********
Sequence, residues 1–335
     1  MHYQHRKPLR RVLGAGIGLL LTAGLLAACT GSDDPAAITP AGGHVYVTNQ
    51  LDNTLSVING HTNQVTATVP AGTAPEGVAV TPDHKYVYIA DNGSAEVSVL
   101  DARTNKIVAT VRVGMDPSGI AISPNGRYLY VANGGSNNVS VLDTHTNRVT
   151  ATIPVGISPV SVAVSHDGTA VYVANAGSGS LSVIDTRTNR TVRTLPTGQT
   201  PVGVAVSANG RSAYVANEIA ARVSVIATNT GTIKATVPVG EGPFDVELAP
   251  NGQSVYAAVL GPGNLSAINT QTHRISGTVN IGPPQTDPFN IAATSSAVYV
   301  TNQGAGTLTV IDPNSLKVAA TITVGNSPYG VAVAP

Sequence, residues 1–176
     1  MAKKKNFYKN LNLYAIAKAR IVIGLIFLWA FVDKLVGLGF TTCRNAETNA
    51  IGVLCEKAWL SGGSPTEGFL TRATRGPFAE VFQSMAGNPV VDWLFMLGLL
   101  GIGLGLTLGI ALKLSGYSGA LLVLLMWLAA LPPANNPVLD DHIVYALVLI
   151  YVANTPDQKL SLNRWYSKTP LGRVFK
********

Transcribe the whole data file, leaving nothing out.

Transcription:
Sequence, residues 1–335
     1  MHYQHRKPLR RVLGAGIGLL LTAGLLAACT GSDDPAAITP AGGHVYVTNQ
    51  LDNTLSVING HTNQVTATVP AGTAPEGVAV TPDHKYVYIA DNGSAEVSVL
   101  DARTNKIVAT VRVGMDPSGI AISPNGRYLY VANGGSNNVS VLDTHTNRVT
   151  ATIPVGISPV SVAVSHDGTA VYVANAGSGS LSVIDTRTNR TVRTLPTGQT
   201  PVGVAVSANG RSAYVANEIA ARVSVIATNT GTIKATVPVG EGPFDVELAP
   251  NGQSVYAAVL GPGNLSAINT QTHRISGTVN IGPPQTDPFN IAATSSAVYV
   301  TNQGAGTLTV IDPNSLKVAA TITVGNSPYG VAVAP

Sequence, residues 1–176
     1  MAKKKNFYKN LNLYAIAKAR IVIGLIFLWA FVDKLVGLGF TTCRNAETNA
    51  IGVLCEKAWL SGGSPTEGFL TRATRGPFAE VFQSMAGNPV VDWLFMLGLL
   101  GIGLGLTLGI ALKLSGYSGA LLVLLMWLAA LPPANNPVLD DHIVYALVLI
   151  YVANTPDQKL SLNRWYSKTP LGRVFK